March 3, 2015 One-Way Mirror – Capture (Album Review)
For many Metal bands, eclecticism is the name of the game. Such musical acts employ the contrast of loud and soft dynamics, tension and release, and the incorporation of dissimilar styles of music. This interplay of extremities is what so often makes art and music interesting. This has been a trick utilized by Avant-Garde Metal and Progressive Metal bands for decades. One-Way Mirror’s approach to this issue comes in a similar form. The members of this French Modern Metal super-group spread widely enough across the spectrum of Extreme Metal to envision a style all their own. In its first incarnation, the band was formed form parts of Soilwork (drummer Dirk Verbeuren), Mnemic (vocalist Guillaume Bideau), Scarve (bassist Loic Colin), and Lyzanxia (guitarists David and Franck Potvin), melding the sounds of Melodic Death Metal, Technical Death Metal, Groove Metal, and Metalcore, with an added element of Alternative Metal and (gasp) Nü Metal. One-Way Mirror’s first record was released in 2008. This self-titled bulldozer of an album laid the groundwork for the carnage they would wreak in the years to come. For their sophomore release Destructive by Nature in 2012, Colin was replaced by that of General Lee’s Vincent Perdicardo, and drumming duties were similarly seized by T.A.N.K.’s Clément Rouxel. The group had not lost any of the energetic driving force that made their sound in ’08, but they had definitely built upon their Alt-Metal vibes. Three years later, One-Way Mirror felt it time to deliver a follow-up, and they titled it Capture.
One-Way Mirror did anything but turn down the energy on Capture. They remain as immediate as ever. The album has an overwhelming air of Alternative Metal. “Confusion Core” and “Screenshot” represent OWM’s personal patent brand of groovy Alt-Metal fully equipped with a “say it to my face” mentality. David and Franck Potvin and Perdicardo similarly own “The Clock Is Ticking” and, like a subtle, sonic coup d’état, seize command of the track and become the song’s primary driving force by its end. By halfway through the album, it becomes clear that classifying OWM’s style is not a simple endeavor, and by their cover of Labelle’s 1974 Soul hit “Lady Marmalade,” it would be advised to give up hope on that task. Songs like “Neglected Skies” and “Cliffs” taste like songs that would somehow emit flavors of Gojira and Heaven Shall Burn, whilst retaining One-Way Mirror’s individual style.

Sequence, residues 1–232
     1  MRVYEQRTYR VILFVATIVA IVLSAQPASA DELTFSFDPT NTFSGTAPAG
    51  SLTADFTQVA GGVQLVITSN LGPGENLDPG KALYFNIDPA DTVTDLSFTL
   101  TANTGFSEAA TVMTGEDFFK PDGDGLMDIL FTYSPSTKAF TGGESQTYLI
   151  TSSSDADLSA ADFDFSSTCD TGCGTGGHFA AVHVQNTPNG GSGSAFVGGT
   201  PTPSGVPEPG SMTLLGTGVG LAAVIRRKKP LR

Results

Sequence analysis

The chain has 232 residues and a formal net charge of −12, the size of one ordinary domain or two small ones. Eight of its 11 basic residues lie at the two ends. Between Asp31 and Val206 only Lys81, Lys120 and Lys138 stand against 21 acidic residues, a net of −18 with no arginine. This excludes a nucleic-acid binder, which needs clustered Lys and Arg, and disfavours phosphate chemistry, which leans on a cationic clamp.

It would be foolhardy to discuss One-Way Mirror without mentioning the vocals. Bideau exemplifies appropriate levels of Metal vocalist virility. He is commanding and unsatisfied. What is striking is his vocal delivery in “We Love to Complain” and “Stinkin’ of Gold,” wherein he occasionally crosses into territory of what would often be considered rapping. Moreover, the band blurs other boundaries in “Warnings” with their extensive use of electronics and post-production supplementations. “Fuck Your Autotune” is similar and incorporates choppy and heavily produced guitar sounds, apparently as a satirical, tongue-in-cheek jab at those who depend on auto-tuned vocals outright.
Capture shows the progression of One-Way Mirror in a sheer way. The band has grown more comfortable with their style and has refused to cease their bearing of teeth. The quartet seems to have grown insatiable for revolution, and this album is a testament to that. CrypticRock gives Capture 3.5 stars out of 5.